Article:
All in all, I’m encouraged by the fact that many classicists are not ideologically opposed to using digital dictionaries. Although there is evidence that doing things the old fashioned way has better results, in a world where students are more naturally inclined to turn to the internet as a source of knowledge, I think that there is something to be said for using rigorous, philological online lexical tools like Logeion. Whether physical or digital, dictionaries are a technology that need to be explained, explored, and contextualized. I feel that a lot of the resistance to digital forms probably comes from an inherent conservatism within classics that says more about the discipline than it does about the functionality or pedagogical outcomes that result from use of digital dictionaries. The important thing is to explore different avenues with an open mind, rather than allowing cynicism to hold you back from new teaching opportunities.

 

Digital humanity?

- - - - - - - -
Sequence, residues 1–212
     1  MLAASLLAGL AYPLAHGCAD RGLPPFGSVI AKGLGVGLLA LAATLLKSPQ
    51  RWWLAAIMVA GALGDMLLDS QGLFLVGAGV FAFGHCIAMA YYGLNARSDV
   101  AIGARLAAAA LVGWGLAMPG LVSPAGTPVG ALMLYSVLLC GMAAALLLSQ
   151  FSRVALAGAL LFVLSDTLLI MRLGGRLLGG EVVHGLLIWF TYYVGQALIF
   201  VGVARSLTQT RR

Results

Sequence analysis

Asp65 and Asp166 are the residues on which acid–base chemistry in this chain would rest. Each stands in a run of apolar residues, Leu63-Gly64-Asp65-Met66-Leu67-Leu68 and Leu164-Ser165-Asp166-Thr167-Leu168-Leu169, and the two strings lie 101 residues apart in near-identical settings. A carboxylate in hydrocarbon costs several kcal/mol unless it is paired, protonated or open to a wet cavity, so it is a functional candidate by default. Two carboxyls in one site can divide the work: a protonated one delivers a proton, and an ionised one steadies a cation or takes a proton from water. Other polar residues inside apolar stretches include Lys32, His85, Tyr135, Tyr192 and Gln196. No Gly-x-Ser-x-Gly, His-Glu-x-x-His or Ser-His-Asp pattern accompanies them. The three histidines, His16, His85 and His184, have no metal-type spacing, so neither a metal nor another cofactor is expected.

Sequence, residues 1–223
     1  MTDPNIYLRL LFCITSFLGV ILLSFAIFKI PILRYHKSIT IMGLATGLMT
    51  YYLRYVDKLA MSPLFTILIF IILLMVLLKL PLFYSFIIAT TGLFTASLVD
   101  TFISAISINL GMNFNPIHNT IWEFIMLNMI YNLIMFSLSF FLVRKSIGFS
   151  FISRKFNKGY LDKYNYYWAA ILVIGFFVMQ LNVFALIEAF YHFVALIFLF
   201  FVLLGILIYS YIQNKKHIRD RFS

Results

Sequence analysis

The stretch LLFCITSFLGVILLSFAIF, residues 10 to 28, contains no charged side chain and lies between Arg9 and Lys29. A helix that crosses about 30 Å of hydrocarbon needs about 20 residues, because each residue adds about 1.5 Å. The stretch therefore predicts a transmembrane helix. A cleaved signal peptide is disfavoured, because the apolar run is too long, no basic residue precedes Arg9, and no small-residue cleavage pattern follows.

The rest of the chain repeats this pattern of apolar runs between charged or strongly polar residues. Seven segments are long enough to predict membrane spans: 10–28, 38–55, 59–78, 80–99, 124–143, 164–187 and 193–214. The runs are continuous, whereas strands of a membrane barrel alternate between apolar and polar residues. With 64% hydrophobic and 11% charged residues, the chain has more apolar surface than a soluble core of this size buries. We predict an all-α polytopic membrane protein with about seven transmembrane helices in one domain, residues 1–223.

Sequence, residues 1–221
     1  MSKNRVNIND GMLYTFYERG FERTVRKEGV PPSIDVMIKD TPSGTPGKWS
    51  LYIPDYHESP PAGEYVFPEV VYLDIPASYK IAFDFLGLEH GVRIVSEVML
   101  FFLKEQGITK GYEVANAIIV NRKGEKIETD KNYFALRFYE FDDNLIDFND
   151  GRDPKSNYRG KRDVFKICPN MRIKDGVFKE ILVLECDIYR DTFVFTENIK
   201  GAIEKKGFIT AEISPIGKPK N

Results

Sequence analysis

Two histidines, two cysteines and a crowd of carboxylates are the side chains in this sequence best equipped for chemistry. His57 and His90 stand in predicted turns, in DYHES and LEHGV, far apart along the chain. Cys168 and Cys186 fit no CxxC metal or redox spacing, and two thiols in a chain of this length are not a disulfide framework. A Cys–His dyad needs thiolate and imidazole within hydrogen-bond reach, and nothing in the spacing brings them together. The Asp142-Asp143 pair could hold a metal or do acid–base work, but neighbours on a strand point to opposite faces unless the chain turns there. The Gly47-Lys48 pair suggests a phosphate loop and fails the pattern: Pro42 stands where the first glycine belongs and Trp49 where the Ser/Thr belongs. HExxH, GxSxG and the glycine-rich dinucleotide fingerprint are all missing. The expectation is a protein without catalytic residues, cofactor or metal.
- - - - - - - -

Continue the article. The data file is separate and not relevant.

In many ways, I’m not a digital humanist. I don’t know how to code. I’ve never built a database. I don’t work with “data”. My research would be quite challenging to communicate visually (with charts, infographics) in a way that would be satisfying. I have a basic literacy in html which is pretty much obsolete now. A lot has been written about the fact that “digital humanities” is difficult to define, exactly. When I was at Patrick Burns’ Ancient MakerSpaces digital classics workshop at the 2017 SCS — which showcased tools for creating and managing digital information within the field of Classics — it occurred to me that I had a different background than the majority of the other audience members. Many of the individuals in the audience had a similar level of technological literacy to the speakers — they could understand the presentations from a technical perspective in a way that I simply couldn’t. But I think it’s important for people like me — perhaps more “humanist” than “digital” — to be present in such spaces. These are the ways in which I do consider myself a digital humanist: I am present in a scholarly persona online, and I believe that scholars should be engaged in the project of the internet. I’m a digital humanist in the sense that I want to tell the stories of the humanities online, using its tools to reach a larger audience, and to increase the reach of learned networks beyond its traditional limits. And I see the benefits of bringing the forms of the internet, which encourage discussion, into the classroom (with blogging etc.).  And someone like me can perhaps help make bridges between the digital and non-digital humanists. Even if you yourself as a scholar are not engaged in a particular aspect or practice developing within your field — such as digital humanities — you’re still influenced by these developments. Weller (2011: loc 2612) calls this “network weather”, i.e. “changes in your environment are occurring because of other people’s use of these technologies and the behaviour they facilitate, even if as an individual you are not engaged with them.”  The digital humanities — which gives us online editions and commentaries of texts, databases of papyri, digital books, thousands of high quality images of ancient objects facilitated by creative commons license, and more — are already pretty incredible, and are only going to get better and better, provided they find continued support, financial and otherwise. It’s up to us to shine a light on these projects and tools, and to make sure our students — especially the graduate students who will shape the next generation of Classics — are given the opportunities to learn and use these tools.